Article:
Sunday, January 31, 2010

Follow Up: Less is More

As if responding to the Kramer and Greenspan quotes I blogged about here in December, folks on today's Talk-Shops had the following to say:

"That's what I think people beyond the beltway find so hard to believe. Why can't you find things that they agree on and pass that into legislation? But somehow that never seems to happen." - Bob Schieffer, Face the Nation 1/31/2010

Okay, Bob, but now we have Hope and Change, right?

David Brooks tackled the same core issue from a very different angle:

"If you ask people, 'why aren't you investing? Why aren't you lending?' it all comes down to uncertainty ... If bankers and entrepreneurs don't have any sense of certainty, they're just not going to invest ... We've not only got this economic problem, but its compounded by a psychological problem, magnified by the fact that distrust of institutions is at its highest level in history." - David Brooks, Meet the Press 1/31/2010

I'm frequently asked, "As someone in finance, what do YOU think of the government's proposal on ... "
  • New bank taxes
  • New windfall taxes
  • Bailouts
  • Evil banker hunts
  • Prop trading bans
  • Goldman Sachs
  • Too big to fail
  • The National Debt

My uniform answer, no matter what topic they bring up: "I'm against it. Whatever 'it' is." Does that make me the exemplar member of the Party of No?

Nope. I'm against that too. And I'm in good company.

"Experience hath shewn, that even under the best forms of government those entrusted with power have, in time, and by slow operations, perverted it into tyranny." - Thomas Jefferson

"And to preserve their independence, we must not let our rulers load us with perpetual debt. We must make our election between economy and liberty, or profusion and servitude." - Thomas Jefferson

"That government is best which governs least." - Thomas Jefferson

"Government is not a solution to our problem. Government IS the problem." - Ronald Reagan

Bloated bureaucrazies, by definition, separate pieces of the incentive mechanism. He who makes the decisions is never he who must implement them, nor he who pays for them, nor he who is impacted most greatly by them. This problem is no less present in large corporations than it is in governments the world over. To me, the only cure for bureaucratic inefficiencies and mistakes ... is LESS bureaucracy. Second best is a paralyzed bureaucracy. That, at least, leaves individuals and businesses the liberty they crucially need to maximize their own happiness/wealth/utility/economic value. Least best is an erratically spasming bureaucracy.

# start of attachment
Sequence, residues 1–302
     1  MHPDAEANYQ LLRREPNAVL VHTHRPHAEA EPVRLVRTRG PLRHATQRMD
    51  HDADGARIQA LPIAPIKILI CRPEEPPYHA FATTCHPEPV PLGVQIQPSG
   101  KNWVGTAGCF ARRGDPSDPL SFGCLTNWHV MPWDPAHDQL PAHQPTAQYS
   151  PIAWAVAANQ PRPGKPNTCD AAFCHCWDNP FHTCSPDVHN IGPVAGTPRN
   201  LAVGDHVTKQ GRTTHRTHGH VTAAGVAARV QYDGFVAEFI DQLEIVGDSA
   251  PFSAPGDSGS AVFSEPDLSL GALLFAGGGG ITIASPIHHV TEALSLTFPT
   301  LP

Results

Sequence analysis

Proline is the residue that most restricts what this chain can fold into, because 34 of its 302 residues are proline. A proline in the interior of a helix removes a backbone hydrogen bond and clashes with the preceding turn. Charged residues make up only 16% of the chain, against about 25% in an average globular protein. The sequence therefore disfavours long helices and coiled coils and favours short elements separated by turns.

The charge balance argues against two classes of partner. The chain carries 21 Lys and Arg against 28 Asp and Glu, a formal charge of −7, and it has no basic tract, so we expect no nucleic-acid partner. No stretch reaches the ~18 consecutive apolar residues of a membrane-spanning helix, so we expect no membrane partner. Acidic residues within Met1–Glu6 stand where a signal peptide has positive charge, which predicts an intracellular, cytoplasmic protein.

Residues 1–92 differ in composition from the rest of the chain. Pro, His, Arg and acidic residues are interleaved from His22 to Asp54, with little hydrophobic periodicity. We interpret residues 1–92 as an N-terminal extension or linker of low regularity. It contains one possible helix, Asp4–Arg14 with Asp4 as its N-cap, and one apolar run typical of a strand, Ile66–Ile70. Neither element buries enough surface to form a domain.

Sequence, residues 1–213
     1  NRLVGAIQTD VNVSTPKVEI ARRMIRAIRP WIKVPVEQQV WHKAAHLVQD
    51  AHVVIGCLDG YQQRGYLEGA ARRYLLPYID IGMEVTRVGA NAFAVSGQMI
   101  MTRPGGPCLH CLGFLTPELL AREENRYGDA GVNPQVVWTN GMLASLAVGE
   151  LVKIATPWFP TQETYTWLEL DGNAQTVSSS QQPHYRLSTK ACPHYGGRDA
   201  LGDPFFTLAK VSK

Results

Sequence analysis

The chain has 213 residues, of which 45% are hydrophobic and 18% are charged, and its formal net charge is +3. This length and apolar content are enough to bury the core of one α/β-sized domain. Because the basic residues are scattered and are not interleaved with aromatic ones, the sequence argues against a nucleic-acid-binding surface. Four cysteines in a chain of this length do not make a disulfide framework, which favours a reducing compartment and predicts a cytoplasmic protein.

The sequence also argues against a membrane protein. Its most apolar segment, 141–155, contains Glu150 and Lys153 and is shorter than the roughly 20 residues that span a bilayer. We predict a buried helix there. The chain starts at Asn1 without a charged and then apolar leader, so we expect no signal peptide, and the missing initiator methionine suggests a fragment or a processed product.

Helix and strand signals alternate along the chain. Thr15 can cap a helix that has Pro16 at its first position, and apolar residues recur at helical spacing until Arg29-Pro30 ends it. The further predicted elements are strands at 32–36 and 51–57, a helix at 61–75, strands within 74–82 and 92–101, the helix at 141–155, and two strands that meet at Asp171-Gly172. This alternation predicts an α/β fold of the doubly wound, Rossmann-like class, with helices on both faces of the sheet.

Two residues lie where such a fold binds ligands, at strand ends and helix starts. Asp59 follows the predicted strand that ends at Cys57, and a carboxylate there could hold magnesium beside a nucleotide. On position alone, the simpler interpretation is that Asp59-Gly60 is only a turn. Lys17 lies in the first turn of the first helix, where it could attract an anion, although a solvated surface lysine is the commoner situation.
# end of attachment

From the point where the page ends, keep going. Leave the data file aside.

As we all know, investors and entrepreneurs make a risk-vs-reward decision every time they choose what to do with their capital (money, ideas, and energy). As I've explained in past blogs, risk is equivalent to unpredictability. The more able one is to predict the future, the lower the risk and the more confidently one can make moves today which create a nice return tomorrow. Conversely, when the rules of the game may significantly change tomorrow or next year, risk is dramatically increased. This raises the risk-vs-reward bar such that fewer investment options are viable.

Governments can increase or decrease this risk. Those with the discipline to stick to a stable, sensible, transparent industrial policy over a long period build tremendous "trust equity" with investors. The benefit should be self-evident to the most causual observer: stability reduces perceived risk, which encourages investment, the fuel of economic activity. Ideas become businesses become economic value. Govermnents, too, reap the benefit by being able to borrow cheaply.

Unfortunately, being based entirely on intangibles (consensus expectations), this trust equity is a very fragile thing. Governments can quickly sabotage themselves, their economies, and thus their citizens by giving off even the whiff of erratic or ill-advised behavior.

Don't take my word for it. Look at successful economies the world over. There is ample empirical evidence that, while stability is not the only factor of economic success, its absence is certainly a factor of economic failure. Contrast North and South Korea. Contrast Argentina and Costa Rica. Contrast Greece and Germany. The success stories plodded quietly for decades, one reassuring yet boring step at a time, to amass their trust equity.

Let's be clear: governments do not create economic value. Governments limit (regulate) its creation in order to make sure one person or business doesn't take advantage of another. We grant them permission to exert this control based on some stew of goals which we've set for them.

Here's another one. Goverments don't own any economic value. Governments are simply temporary stewards of value which they've taken (taxed) from individuals and businesses. By definition, this regime of regulation and taxation reduces economic activity to the extent it limits and dis-incentivizes investors and entrepreneurs. Sometimes we accept this reduction because we understand that we're trading it for our social goals, such as stability, security, equality, or fairness.

But let's combine this with my earlier point. The dis-incentive of regulation and taxation is multiplied by a risk factor which captures its future volatility (=unpredictability). When the future amount of this dis-incentive cannot be confidently predicted, risk is higher and thus fewer opportunities are worth the risk-vs-reward dice roll. Money drifts to the sidelines and the whole economy slows down.

Sound familiar?

So, here's something I'm FOR: minimizing the risk multiplier while maximizing the return ... financially, socially, environmentally, and any other -ly.

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